Planning for divorce after age 50

Spouses over age 50 who are considering divorce should understand that separation could impact their ability to retire. However, there are steps that a North Carolina resident can take to minimize the potential damage. The first step is to obtain financial paperwork such as copies of tax returns and bank statements. These documents will help to determine who is liable for a debt or who is entitled to an asset.

Someone who is ending their marriage is also encouraged to do a credit check on themselves and their spouse. This may uncover hidden debts or assets that a spouse may have.

"Gray divorce" continues to rise

In North Carolina and across the country, a growing number of Americans are filing for divorce later in life. When people think of a couple deciding to legally separate, they may imagine young people with or without children. However, even as the divorce rate has held steady or declined for most demographics across the country, that rate has increased significantly for older Americans. Since 1990, the divorce rate for people 50 and over has doubled while that same rate has tripled for people 65 and older.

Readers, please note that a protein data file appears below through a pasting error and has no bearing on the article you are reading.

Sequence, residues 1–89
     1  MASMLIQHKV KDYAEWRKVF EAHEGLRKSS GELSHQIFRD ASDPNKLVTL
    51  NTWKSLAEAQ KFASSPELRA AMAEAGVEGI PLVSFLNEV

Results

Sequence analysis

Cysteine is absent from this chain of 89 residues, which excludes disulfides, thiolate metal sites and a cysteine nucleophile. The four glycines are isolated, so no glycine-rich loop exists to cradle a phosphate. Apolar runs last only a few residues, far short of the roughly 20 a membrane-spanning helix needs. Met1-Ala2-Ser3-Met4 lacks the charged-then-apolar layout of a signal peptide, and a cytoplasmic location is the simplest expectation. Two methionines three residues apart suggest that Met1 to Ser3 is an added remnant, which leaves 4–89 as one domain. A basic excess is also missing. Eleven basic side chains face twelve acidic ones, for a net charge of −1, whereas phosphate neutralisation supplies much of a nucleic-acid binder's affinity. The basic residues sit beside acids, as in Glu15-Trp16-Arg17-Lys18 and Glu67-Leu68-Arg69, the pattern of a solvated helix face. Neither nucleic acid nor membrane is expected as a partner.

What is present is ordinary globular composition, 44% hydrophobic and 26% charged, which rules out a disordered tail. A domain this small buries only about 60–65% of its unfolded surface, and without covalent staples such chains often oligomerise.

There are a number of factors that could contribute to the growth in later-in-life divorce, dubbed the "gray divorce revolution." In the first place, divorce is much more socially acceptable than it was in the past. In addition, many people have seen divorce operate within their own families. For example, the daughters of divorced parents are 60 percent more likely to end their own marriages while the sons of parents who split are 35 percent more likely to do so themselves.

Research suggests certain wedding dates may not be so lucky

For couples planning to tie the knot in North Carolina, there are many important decisions to make, one of which is the actual date of the wedding. Some individuals insist on picking a wedding day they believe is "lucky" for one reason or another. However, researchers in Australia say that some popular wedding dates might not be so lucky after all.

After looking at situations involving a million married couples, researchers concluded that one of the most popular dates for weddings, Feb. 14, is actually the worst day to get married. Eleven percent of the couples studied who got married on Valentine's Day ended up getting a divorce within five years. After almost a decade, 21 percent had untied the knot.